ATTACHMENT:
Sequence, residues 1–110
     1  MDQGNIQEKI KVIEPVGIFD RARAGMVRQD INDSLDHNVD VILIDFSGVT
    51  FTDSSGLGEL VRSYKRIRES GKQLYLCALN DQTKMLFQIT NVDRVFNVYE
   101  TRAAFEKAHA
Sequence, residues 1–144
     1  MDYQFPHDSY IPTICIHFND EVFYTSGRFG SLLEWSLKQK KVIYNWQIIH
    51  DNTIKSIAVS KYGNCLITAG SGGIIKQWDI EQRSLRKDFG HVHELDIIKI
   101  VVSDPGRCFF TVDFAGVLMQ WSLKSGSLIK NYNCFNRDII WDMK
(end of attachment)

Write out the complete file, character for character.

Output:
Sequence, residues 1–110
     1  MDQGNIQEKI KVIEPVGIFD RARAGMVRQD INDSLDHNVD VILIDFSGVT
    51  FTDSSGLGEL VRSYKRIRES GKQLYLCALN DQTKMLFQIT NVDRVFNVYE
   101  TRAAFEKAHA
Sequence, residues 1–144
     1  MDYQFPHDSY IPTICIHFND EVFYTSGRFG SLLEWSLKQK KVIYNWQIIH
    51  DNTIKSIAVS KYGNCLITAG SGGIIKQWDI EQRSLRKDFG HVHELDIIKI
   101  VVSDPGRCFF TVDFAGVLMQ WSLKSGSLIK NYNCFNRDII WDMK